EXCLUSIVE: What’s Next for Flexible Workforces and Workplaces for Women?

Progressive Grocer talks with NextUp President and CEO Sarah Alter
Lynn Petrak
Senior Editor
a woman smiling for the camera
Sarah Alter
Sarah Alter, president and CEO of NextUp

One could say that Sarah Alter has made a name for herself as president and CEO of NextUp, but it’s fairer to say that she’s spent her time making names and opportunities for others. Since joining NextUp – formerly the Network of Executive Women – in 2017, she has broadened the group’s mission to follow the tenet of “Advancing All Women” and focused on supporting women of color, male allyship and the new generation coming into the workforce. She also steered the organization and its 17,000-plus members through pandemic-related changes and helped anticipate and respond to its impact on those who keep businesses, including food retailers and CPGs, moving.

Progressive Grocer spoke with Alter during Women’s History Month to get her insights on the evolving and expanding workplace.

Progressive Grocer: How would you assess the current climate of women in leadership, and how does that compare to the pre-pandemic year of 2019 and beyond that, to a decade ago?

Sarah Alter: In on one of our studies with Deloitte, “Creating More Equitable Workplaces through Gender-Centered Design,” we cite different examples of people who have brought equitable workplaces to life – and we also found that our work is still cut out for us.

There is one statistic showing that 1 out of 4 women pre-pandemic were looking for a new job or a new company and now it’s 1 out of 3. Women saw, and it’s echoed in this article, that companies could flex, could adopt to unique employee and family needs, and even individual needs. People got a taste of that flexibility and said, "I am not going back." You also saw the newer generations, Millennials and Gen Z’ers, making that a priority. It was a key force of momentum that pushed on behalf of particularly female leaders.

PG: What are some other examples of pandemic-related changes relevant to our industries in grocery and manufacturing?

SA: Our report includes other statistics, like the one showing that 80% of U.S. workers who exited the workforce by choice as of September 2020 were women, and that was due to the impact on service industries. There is another aspect of looking at the whole person – you need to look at my generation, my intersectionality.  If I am a black female who is lesbian, there are deep and multiple dimensions to me and strengths that should be leveraged. You saw more pressure and expectations from employees that you have to embrace such intersectionality for your customers and your company. The third aspect is support. It used to be that if you had a problem, you could call an 800 number. That’s not enough. You, as an employer, have to be guiding me from a mental health perspective and you have to provide me support as a caregiver. Seventy-five percent of all employees are caregivers of some sort. To me, it was like the pandemic provided this opportunity for everyone to truly see what the challenges and opportunities were.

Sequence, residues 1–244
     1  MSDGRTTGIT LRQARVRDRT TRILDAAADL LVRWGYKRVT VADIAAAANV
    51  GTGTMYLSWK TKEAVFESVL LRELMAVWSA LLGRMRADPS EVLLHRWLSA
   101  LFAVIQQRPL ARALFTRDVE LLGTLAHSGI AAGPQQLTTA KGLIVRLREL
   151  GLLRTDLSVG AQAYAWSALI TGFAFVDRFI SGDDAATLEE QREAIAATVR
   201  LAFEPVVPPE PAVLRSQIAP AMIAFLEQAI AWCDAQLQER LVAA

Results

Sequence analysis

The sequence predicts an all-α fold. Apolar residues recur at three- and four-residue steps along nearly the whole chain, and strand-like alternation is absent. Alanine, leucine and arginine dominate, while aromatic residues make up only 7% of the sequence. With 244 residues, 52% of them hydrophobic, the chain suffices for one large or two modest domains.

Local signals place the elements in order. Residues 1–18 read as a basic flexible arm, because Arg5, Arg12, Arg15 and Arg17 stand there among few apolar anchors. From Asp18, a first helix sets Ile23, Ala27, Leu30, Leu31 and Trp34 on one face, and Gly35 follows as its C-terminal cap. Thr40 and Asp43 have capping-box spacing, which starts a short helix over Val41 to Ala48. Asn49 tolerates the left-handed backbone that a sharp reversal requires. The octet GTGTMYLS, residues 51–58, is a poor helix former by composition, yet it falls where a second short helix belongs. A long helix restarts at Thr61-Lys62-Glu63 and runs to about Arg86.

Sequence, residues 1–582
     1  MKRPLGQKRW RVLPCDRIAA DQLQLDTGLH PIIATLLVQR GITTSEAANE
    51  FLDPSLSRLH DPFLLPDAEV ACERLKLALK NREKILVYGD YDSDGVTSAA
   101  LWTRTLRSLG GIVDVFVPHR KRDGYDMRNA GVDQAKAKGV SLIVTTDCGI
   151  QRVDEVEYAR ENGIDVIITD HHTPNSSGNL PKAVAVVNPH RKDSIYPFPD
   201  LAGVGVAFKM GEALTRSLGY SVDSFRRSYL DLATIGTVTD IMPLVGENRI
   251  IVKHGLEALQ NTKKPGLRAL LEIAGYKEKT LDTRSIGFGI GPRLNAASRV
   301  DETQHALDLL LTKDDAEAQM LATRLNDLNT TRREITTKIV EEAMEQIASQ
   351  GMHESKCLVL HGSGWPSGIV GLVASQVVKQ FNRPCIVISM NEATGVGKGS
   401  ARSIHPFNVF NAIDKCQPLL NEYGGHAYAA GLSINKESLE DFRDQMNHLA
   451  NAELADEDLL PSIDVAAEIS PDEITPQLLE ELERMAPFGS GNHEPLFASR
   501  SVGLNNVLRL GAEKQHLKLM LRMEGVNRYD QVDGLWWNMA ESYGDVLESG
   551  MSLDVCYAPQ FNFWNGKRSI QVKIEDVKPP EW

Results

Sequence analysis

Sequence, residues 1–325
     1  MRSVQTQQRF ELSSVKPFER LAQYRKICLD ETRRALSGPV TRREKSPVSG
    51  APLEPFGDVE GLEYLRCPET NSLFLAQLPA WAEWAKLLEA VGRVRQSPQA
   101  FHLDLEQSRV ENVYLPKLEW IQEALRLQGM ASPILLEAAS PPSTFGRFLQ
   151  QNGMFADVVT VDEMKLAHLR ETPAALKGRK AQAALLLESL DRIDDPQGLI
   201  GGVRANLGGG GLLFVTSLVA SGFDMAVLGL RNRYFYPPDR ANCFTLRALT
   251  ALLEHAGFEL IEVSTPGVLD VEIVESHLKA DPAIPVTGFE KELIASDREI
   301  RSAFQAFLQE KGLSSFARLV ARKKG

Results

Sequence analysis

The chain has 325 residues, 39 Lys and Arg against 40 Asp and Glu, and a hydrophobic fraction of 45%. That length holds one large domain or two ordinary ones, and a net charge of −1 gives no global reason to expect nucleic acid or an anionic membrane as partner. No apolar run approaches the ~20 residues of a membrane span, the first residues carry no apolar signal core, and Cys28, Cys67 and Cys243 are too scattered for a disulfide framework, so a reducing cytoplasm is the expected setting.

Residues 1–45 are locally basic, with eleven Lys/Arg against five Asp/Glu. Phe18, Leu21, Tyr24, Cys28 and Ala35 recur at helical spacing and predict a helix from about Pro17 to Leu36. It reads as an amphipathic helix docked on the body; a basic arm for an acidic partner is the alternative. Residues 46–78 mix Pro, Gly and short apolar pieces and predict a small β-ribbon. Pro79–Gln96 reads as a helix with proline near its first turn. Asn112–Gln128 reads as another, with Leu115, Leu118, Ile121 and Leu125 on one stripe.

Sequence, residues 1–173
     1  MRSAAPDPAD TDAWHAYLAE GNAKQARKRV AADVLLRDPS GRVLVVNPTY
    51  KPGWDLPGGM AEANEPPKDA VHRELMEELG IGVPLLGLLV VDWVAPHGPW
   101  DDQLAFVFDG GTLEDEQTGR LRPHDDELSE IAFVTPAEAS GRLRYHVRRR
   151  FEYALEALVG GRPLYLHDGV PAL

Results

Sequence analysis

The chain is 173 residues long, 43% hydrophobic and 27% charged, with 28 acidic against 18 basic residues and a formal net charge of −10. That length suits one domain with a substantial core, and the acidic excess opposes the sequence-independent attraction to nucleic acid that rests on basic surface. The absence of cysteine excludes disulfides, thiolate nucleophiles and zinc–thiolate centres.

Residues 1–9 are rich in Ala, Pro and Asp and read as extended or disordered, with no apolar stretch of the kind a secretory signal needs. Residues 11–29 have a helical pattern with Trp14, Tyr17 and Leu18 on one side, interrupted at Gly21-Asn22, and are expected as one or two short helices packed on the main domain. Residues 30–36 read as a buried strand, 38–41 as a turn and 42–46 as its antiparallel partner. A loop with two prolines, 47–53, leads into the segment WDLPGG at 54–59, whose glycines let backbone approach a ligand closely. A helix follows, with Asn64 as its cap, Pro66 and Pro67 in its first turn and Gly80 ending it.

PG: How has this industry responded to what has amounted to a sea change in the workplace and workforce?

SA: They [grocers] definitely appreciated the core needs of consistency, productivity and flexibility. For consistency, it’s about giving you a more predictive and consistent schedule – before, you where at the whim of a production schedule. Second, there was a clear priority of supporting mental and physical health – people were on the frontline. Third, we saw an increase in investments in the most pivotal and vulnerable employees who have the opportunity to work elsewhere for more money. It was The Great Reshuffle, and we saw a big shift in which companies were investing in leadership development for core employees and expanded it to field employees as well. We pivoted with them at NextUp and launched a new virtual platform and community called Launch, built to serve and suit employees in a store, DC or manufacturing production facility.

In general, the grocery industry has always been supportive of female leadership, relative to other industries like financial services and tech.

PG: You mention generational expectations. What are some notable trends among younger workers?

SA: Gen Z’ers as well as Millennials have greater expectations. Gen Z saw as Millennials lost their jobs, couldn’t find a job or were living at home and said, "I want a nice long and wide runway." These changing generations really force the corporate leadership teams to think differently.

PG: On a personal level, how has NextUp also evolved, and what have you learned over the past few years?

SA: We need to practice what we preach and be sure that we bring all aspects of diversity, equity, inclusion and belonging to life in our own mission and community. First and foremost, we embrace intersectionality, which was the number-one reason we rebranded. We are here to advance all women. We are also diversifying across industries, partnering with top brands, retailers, CPGs, financial services companies, service providers, and health care organizations and also diversifying in terms of functions within these organizations.

For me, it’s been an absolute blessing and joy. Prior to NextUp, I was in the all-profit environment and when this opportunity came up six years ago, I thought, "This is interesting." We are technically a nonprofit, but we run ourselves like a business and prioritize that this is paramount to business success and to the advancement of women in the workplace.

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